Once upon a time, there were more than 50 Black All-Black Towns in Oklahoma. Today, only 13 towns continue to exist. Lima, OK is included in the remaining 13. Lima is located near the center of the state in Seminole County. The county is named after the Seminole Tribe due to members of the Seminole Nation and Black people who were freed from enslavement within the Tribe, known as Seminole Freedpeople, occupying the space. According to Hannibal Johnson in his book “Acres of Aspiration: The All-Black Towns in Oklahoma,” Lima emerged in 1919 but the post office dated back to 1907 (Johnson 153). However, Lima was incorporated in 1913 (O’Dell). Two prominent buildings that existed back during the town’s peak were Mt. Zion Methodist Church and Rosenwald Hall. Mt. Zion Methodist Church was “one of the oldest and best-preserved churches in the All-Black Towns” (Johnson 153). Although the church no longer stands, it stood into the 20th century (O’Dell). However, The Rosenwald Hall continues to stand today as a symbol of what once was, even though now it is an abandoned eroding building. The school was built in 1921 and served as the main school for Black children in the town, which was special due to Jim Crow laws requiring racially separate schools across the country. I believe that the educational opportunities offered in Lima made it an especially attractive place to live. Due to Rosenwald schools being granted to black communities to educate African Americans, Lima offered opportunities for educational advancement to its residents. Having an education was important to Black people in the 1920s especially because it was an achievement that was kept from the race for so long, so the town offered success to its residents by providing a source of academia. I one day would like to visit the town of Lima and imagine what was there once before.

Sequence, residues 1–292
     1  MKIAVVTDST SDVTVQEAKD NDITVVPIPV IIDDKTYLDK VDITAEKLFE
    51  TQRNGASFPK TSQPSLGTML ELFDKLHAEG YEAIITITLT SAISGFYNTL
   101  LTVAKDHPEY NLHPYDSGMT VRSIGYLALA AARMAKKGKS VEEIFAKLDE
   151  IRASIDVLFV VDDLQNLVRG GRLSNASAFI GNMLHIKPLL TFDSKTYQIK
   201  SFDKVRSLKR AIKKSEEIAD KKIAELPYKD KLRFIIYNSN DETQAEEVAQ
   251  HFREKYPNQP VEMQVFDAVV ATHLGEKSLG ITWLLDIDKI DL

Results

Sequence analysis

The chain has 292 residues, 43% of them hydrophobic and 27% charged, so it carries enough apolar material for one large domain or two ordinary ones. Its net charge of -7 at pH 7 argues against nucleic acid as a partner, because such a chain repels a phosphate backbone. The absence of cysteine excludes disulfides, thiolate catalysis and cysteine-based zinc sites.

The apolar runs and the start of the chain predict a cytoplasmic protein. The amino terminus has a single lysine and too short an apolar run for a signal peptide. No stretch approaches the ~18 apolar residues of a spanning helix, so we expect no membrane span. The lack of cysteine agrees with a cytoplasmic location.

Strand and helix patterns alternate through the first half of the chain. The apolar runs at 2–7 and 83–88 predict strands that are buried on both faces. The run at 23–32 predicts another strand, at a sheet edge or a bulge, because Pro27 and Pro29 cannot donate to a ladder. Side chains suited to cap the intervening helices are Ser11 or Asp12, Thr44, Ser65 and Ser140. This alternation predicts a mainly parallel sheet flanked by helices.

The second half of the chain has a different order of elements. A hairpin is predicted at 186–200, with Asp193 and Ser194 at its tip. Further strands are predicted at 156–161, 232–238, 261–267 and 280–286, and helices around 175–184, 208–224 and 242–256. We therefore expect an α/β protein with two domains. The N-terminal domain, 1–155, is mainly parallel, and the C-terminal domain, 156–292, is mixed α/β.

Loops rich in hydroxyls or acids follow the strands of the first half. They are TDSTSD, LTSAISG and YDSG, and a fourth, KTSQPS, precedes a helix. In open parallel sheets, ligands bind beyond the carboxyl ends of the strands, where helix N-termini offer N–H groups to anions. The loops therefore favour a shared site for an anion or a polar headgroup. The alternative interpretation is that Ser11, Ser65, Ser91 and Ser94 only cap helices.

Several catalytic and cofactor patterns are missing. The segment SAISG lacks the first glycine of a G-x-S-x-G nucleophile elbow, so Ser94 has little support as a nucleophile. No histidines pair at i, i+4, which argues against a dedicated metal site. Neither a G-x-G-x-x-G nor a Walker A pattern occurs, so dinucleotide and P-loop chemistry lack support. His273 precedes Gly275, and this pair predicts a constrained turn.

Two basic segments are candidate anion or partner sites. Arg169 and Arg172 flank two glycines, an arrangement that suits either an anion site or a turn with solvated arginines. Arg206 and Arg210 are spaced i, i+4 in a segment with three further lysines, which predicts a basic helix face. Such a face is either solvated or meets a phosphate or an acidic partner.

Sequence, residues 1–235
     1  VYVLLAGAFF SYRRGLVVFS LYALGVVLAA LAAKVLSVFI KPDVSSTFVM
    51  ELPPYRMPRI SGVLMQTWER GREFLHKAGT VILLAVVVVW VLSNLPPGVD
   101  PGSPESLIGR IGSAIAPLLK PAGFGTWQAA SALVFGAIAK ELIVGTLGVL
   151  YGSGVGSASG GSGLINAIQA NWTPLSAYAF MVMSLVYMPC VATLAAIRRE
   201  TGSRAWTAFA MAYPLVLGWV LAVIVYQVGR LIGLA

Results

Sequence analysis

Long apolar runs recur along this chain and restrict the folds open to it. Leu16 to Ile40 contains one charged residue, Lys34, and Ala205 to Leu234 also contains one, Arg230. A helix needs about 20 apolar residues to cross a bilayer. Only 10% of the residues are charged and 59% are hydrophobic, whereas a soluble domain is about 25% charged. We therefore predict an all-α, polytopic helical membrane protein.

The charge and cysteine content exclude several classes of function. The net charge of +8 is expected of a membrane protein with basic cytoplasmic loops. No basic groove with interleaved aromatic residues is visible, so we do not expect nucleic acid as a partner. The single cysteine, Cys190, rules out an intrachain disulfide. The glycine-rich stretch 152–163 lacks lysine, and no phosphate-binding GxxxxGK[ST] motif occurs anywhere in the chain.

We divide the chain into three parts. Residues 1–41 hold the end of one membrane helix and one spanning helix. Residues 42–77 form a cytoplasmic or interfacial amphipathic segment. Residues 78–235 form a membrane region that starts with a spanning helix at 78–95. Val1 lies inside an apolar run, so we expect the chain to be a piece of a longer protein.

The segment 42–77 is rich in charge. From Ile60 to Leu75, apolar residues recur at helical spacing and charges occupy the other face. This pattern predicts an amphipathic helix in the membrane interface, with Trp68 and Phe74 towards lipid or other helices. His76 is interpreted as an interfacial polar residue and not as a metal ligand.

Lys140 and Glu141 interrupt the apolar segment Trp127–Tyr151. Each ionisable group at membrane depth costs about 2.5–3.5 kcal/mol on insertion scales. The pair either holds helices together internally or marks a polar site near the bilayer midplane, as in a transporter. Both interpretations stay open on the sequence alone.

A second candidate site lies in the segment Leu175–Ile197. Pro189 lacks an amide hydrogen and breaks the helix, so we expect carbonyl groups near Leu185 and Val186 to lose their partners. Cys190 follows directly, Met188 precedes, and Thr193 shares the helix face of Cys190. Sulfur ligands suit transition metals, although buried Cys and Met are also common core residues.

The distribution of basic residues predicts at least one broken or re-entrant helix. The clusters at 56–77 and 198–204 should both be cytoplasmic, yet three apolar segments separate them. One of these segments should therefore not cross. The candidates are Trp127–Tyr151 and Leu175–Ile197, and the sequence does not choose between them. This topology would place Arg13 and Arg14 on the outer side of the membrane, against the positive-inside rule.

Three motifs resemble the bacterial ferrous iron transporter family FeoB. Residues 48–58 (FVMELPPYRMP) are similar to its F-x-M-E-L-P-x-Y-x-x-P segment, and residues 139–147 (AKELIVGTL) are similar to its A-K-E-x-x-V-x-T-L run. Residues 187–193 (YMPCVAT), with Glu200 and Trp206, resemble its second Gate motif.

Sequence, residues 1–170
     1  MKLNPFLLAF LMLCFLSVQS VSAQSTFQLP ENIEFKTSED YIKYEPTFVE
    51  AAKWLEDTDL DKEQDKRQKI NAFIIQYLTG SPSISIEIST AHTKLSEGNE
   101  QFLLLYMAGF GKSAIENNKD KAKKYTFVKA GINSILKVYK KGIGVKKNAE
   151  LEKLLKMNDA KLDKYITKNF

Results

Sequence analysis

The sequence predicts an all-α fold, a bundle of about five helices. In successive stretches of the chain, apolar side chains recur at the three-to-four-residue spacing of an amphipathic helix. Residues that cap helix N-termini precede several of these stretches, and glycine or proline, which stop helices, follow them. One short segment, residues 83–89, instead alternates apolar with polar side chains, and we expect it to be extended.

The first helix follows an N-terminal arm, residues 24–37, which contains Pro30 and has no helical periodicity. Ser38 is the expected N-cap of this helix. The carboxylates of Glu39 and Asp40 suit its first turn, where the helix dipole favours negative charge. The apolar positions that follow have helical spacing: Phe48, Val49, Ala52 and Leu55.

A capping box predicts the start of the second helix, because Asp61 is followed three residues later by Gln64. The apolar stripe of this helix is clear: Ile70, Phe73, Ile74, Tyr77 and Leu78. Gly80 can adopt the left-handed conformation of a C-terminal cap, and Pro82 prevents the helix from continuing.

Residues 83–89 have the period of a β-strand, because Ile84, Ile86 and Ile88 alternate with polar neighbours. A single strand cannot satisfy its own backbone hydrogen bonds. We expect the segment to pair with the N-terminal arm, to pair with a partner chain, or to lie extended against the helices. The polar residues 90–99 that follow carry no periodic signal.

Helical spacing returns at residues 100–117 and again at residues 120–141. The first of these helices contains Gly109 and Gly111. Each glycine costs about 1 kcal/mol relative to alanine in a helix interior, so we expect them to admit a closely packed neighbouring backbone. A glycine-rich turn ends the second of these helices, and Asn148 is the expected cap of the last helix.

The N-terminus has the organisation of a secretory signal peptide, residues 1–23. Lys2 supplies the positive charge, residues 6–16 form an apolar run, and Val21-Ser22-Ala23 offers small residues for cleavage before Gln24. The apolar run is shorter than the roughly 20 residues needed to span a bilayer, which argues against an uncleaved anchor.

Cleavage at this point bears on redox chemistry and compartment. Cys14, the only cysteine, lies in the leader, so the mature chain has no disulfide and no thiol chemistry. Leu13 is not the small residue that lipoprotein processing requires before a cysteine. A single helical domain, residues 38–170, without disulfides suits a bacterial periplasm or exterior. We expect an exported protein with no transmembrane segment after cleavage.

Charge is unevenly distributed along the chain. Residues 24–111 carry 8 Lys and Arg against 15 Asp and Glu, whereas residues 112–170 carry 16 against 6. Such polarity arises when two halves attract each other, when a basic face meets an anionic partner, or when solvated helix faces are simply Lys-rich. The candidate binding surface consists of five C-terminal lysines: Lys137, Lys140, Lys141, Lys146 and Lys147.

Johnson, Hannibal B. Acres of Aspiration: The All-Black Towns in Oklahoma. Eakin Press, 2002.
O’Dell, Larry. “Lima: The Encyclopedia of Oklahoma History and Culture.” Lima | The Encyclopedia of Oklahoma History and Culture, Oklahoma Historical Society, https://www.okhistory.org/publications/enc/entry.php?entry=LI003.
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